Franklin Resources Inc., manager of the Franklin and Templeton mutual funds, reported declines in fiscal fourth-quarter revenue and operating income as redemptions from stock mutual funds hurt fees.
Revenue for the three months ended Sept. 30 decreased 1.1 percent to $1.8 billion and operating income declined 9.5 percent to $622.7 million, the San Mateo, California-based company said today in a statement.
Fees for managing investments decreased 4.2 percent to $1.1 billion as investors pulled $2.3 billion from Franklin’s international and domestic stock funds. Chief Executive Officer Gregory Johnson has urged investors to put more money into stock funds, arguing that in the coming years equities are likely to deliver better returns than they did in the past decade.
Revenue was “below expectations mostly due to modest performance fees,” Daniel Fannon, an analyst at Jefferies & Co., said in a research note. “With the exception of hybrid funds, flows were weaker than expected across the board.”
Franklin fell 1.6 percent to close at $126.33 in New York. The shares have advanced 32 percent this year, compared with an increase of 18 percent for the 20-member Standard & Poor’s index of custody banks and asset managers.
Firmwide, clients added $2.9 billion as bond funds added new money. Net income increased 18 percent to $492.1 million, or $2.31 a share, from $416 million, or $1.88, a year earlier. Franklin’s non-operating income for the quarter included a gain of $64.1 million related to investments in its funds compared with a loss of $116.5 million a year earlier.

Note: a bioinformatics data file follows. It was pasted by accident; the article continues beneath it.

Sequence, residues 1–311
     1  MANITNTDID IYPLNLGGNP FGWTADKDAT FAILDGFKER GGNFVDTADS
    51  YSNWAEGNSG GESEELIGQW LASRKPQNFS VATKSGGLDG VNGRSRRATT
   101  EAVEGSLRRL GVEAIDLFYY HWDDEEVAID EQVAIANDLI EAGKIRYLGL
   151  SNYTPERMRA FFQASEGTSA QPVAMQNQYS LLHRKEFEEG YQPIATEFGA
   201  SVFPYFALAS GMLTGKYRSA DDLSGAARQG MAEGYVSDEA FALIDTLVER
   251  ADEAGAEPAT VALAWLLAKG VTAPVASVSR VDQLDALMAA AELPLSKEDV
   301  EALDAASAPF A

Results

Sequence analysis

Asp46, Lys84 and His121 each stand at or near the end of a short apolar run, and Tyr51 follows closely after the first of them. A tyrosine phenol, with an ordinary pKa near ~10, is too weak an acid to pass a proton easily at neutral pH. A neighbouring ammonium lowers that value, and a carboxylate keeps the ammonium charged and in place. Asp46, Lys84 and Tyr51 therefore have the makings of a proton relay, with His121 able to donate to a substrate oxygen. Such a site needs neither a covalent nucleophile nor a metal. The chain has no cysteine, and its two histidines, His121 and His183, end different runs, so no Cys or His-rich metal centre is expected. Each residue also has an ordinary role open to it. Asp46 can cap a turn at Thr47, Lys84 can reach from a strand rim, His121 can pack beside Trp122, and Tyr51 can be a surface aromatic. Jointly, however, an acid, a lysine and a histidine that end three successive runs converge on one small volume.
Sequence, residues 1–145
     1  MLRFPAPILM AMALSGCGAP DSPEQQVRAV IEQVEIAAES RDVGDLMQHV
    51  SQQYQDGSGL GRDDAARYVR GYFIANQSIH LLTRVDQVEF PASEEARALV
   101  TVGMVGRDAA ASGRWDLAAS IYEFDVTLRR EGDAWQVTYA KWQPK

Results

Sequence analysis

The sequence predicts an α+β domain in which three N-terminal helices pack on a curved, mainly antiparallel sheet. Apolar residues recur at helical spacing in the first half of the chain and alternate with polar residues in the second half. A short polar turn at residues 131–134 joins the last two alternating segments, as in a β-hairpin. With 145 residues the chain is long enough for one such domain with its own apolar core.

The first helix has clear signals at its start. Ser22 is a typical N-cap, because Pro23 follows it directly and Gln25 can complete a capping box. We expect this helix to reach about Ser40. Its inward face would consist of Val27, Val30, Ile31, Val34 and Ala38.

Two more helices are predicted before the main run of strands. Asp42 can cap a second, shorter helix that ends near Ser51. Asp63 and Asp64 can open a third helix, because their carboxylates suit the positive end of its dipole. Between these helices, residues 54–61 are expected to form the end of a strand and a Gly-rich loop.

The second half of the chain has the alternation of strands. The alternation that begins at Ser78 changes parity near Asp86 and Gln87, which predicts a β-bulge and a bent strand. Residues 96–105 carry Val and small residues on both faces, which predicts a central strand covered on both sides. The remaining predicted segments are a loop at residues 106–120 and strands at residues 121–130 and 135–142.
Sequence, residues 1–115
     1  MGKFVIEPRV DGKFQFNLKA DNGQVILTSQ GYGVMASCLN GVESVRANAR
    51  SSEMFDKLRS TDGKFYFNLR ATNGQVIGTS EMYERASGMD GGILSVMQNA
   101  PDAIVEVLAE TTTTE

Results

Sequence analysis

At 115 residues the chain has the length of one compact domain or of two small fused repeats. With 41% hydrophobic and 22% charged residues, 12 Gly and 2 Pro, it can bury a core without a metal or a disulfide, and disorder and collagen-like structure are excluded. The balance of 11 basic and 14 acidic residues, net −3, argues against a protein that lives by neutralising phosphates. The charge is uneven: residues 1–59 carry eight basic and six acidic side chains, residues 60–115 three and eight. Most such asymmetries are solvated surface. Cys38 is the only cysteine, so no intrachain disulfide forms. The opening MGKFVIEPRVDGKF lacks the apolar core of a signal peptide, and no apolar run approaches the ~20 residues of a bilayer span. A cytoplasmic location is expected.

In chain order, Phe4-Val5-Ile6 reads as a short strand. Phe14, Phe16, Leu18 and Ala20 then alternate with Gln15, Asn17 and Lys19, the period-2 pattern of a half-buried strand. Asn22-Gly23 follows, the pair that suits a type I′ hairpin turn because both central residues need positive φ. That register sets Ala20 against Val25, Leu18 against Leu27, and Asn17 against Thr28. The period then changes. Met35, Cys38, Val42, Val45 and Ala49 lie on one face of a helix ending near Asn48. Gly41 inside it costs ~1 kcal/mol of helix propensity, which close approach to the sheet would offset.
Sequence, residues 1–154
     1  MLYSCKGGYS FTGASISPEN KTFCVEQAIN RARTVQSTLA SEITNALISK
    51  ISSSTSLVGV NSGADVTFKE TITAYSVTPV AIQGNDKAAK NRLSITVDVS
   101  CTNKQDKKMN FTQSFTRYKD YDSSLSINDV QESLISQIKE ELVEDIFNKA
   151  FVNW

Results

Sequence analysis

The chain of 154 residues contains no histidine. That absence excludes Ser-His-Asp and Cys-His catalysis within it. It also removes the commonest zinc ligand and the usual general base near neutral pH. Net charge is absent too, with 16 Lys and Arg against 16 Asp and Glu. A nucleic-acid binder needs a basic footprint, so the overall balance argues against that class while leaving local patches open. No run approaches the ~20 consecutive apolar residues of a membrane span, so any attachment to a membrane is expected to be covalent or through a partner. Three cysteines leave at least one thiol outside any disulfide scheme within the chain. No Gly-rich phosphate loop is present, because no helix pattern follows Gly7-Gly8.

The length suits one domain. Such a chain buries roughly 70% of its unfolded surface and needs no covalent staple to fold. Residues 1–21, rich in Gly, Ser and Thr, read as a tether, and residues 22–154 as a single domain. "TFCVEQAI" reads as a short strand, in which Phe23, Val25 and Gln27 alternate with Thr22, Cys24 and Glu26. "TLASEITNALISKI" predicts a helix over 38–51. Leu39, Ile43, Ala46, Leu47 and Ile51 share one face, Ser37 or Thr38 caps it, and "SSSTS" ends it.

“Although the flow environment remains challenging, when I look across the company, I’m encouraged by the fact that we continue to have success attracting flows in asset classes that are in favor,” Johnson said in recorded remarks posted on the firm’s website.
Investors withdrew $82.6 billion from U.S. mutual funds that buy domestic stocks this year through September, while adding $18.6 billion to international equity funds, according to data compiled by Chicago-based Morningstar Inc.
BlackRock Inc., the world’s largest asset manager, said clients redeemed a net $55 billion in the third quarter, even with deposits of $20.5 billion into equity exchange-traded funds. BlackRock said an institutional investor pulled more than $72 billion from a fixed-income portfolio after the firm declined to rebid for the business at lower fees. Assets rose 3.2 percent during the three months to $3.67 trillion, the company said last week, fueled by market gains of $134 billion.
T. Rowe Price Group Inc. said yesterday third-quarter earnings rose 33 percent as global stock markets rallied and investors made net deposits of $4.3 billion. Assets rose 6 percent to $574.4 billion during the quarter as market appreciation added $28.4 billion.
At Franklin, assets under management increased 6.1 percent to $749.9 billion as a result of market appreciation. The Standard & Poor’s 500 Index, a benchmark for U.S. stocks, gained 5.8 percent last quarter and global stocks, as measured by the MSCI AC World Index, rose 6.2 percent. More than 70 percent of Franklin’s equity money is in global and international funds.
The company’s flagship fund, the $63 billion Templeton Global Bond Fund, bounced back this year after it trailed 91 percent of rivals in 2011, according to data compiled by Bloomberg. The fund, managed by Michael Hasenstab, gained 12 percent this year through Oct. 24, better than 87 percent of peers. Over five years, the fund topped 94 percent of rivals.